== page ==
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Volvo Car and Flybrid vehicle testing showing flywheel KERS can deliver fuel savings up to 25%, with significant performance boost

Rear-axle KERS unit. Click to enlarge.

Volvo Car Group and engineering company Flybrid Automotive, part of the Torotrak Group, have been conducting UK tests of lightweight Flybrid flywheel KERS (Kinetic Energy Recovery System) technology. (Earlier post.) The test car applies flywheel technology to the rear axle, while the combustion engine drives the front wheels.

The four-year partnership, using real-world driving data from tests on public roads and test tracks in both Sweden and the UK, has shown that the flywheel-based hybrid technology can deliver an 80 hp (60 kW) performance boost, together with fuel savings of up to 25%. (Earlier post.) The research forms part of Volvo’s continued Drive-E Powertrain research and development program; the Flybrid KERS tests show that it is a lightweight, financially viable and efficient solution for efficiency and performance, the partners said.

The system is the first full-scale trial of a rear-axle mounted flywheel system in a front-wheel-drive passenger car and is the result of a partnership between Flybrid, Volvo and the Swedish government.

We are the first manufacturer that has applied flywheel technology to the rear axle of a car fitted with a combustion engine driving the front wheels. The next step after completing these successful tests is to evaluate how the technology can be implemented in our upcoming car models.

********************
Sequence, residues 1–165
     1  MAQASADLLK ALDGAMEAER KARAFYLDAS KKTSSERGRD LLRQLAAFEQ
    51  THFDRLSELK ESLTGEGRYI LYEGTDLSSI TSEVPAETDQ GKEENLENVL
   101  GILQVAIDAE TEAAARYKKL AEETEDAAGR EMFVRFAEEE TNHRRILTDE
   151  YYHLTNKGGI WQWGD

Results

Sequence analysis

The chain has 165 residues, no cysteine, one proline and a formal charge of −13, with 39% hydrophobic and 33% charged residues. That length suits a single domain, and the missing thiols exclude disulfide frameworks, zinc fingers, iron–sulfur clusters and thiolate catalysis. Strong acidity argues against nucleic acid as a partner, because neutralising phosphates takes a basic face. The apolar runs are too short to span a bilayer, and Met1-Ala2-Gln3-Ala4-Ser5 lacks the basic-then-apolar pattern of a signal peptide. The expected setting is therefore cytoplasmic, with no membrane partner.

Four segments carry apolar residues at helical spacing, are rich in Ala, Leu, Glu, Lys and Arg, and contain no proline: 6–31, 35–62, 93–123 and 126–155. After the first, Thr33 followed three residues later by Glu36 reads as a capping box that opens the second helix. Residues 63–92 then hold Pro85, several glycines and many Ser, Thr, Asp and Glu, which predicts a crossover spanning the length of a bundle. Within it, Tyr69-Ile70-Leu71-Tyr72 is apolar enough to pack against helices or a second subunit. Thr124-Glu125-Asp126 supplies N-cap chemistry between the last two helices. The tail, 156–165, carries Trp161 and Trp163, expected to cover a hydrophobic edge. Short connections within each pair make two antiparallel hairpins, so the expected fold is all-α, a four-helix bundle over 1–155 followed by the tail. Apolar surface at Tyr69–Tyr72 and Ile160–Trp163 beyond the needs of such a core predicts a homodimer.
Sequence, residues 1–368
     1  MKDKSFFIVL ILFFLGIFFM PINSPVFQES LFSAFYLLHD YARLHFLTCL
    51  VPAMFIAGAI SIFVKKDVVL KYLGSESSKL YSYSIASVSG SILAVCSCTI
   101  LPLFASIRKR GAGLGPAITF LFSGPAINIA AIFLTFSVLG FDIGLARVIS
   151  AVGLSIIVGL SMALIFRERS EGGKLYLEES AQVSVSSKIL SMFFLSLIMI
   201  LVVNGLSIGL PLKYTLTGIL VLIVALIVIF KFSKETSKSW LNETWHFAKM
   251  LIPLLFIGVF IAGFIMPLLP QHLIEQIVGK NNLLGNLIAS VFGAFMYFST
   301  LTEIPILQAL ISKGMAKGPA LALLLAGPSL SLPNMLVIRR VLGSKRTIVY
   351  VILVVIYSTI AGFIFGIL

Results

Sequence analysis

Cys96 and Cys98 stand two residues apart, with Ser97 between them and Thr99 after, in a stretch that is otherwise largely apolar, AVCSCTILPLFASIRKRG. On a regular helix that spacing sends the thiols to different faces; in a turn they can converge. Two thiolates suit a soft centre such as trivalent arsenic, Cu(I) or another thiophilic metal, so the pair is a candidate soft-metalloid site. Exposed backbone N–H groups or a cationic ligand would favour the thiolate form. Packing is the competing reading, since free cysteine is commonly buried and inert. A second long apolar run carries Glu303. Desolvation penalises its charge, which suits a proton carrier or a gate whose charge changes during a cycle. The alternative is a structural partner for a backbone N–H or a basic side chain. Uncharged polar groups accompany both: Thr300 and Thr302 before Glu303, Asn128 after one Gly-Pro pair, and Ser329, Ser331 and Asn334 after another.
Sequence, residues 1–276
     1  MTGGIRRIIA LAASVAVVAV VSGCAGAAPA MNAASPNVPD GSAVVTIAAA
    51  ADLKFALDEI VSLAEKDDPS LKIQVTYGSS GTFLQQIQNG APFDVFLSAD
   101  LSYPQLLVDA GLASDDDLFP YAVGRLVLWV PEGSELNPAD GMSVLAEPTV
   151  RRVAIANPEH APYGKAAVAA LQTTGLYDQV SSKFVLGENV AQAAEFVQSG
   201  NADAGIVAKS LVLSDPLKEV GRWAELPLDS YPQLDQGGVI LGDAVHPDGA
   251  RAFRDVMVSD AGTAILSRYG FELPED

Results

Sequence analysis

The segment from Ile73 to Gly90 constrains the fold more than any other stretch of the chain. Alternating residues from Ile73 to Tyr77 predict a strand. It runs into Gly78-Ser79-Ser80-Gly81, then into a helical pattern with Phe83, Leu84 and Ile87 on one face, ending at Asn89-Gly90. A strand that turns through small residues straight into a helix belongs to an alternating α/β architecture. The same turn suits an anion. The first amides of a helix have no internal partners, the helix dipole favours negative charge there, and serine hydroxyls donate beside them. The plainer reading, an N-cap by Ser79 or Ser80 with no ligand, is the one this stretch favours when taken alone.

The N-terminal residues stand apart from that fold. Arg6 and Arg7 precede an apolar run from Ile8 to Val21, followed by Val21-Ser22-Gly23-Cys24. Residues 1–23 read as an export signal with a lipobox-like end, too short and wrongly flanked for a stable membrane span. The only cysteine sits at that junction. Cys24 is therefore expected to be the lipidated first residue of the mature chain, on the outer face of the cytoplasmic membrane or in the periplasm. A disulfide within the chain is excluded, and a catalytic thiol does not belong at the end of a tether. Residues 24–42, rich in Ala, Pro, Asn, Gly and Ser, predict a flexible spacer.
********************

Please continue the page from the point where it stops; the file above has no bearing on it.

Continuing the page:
—Derek Crabb, Vice President Powertrain Engineering at Volvo Car Group

The Flybrid KERS is fitted to the rear axle of an S60 powered by a 254 hp (189 kW), 5-cylinder T5 gasoline engine. Under braking, kinetic energy which would otherwise be lost as heat is transferred from the wheels to the KERS, and is used to spin a 6 kg carbon fiber flywheel at up to 60,000 revs per minute. The combustion engine that drives the front wheels is switched off as soon as braking begins.

When the car starts moving off again, energy stored in the spinning flywheel is transferred back to the rear wheels via a specially designed transmission, and can either boost power or reduce load on the engine. The energy in the flywheel can then be used to accelerate the vehicle when it is time to move off again or to power the vehicle once it reaches cruising speed.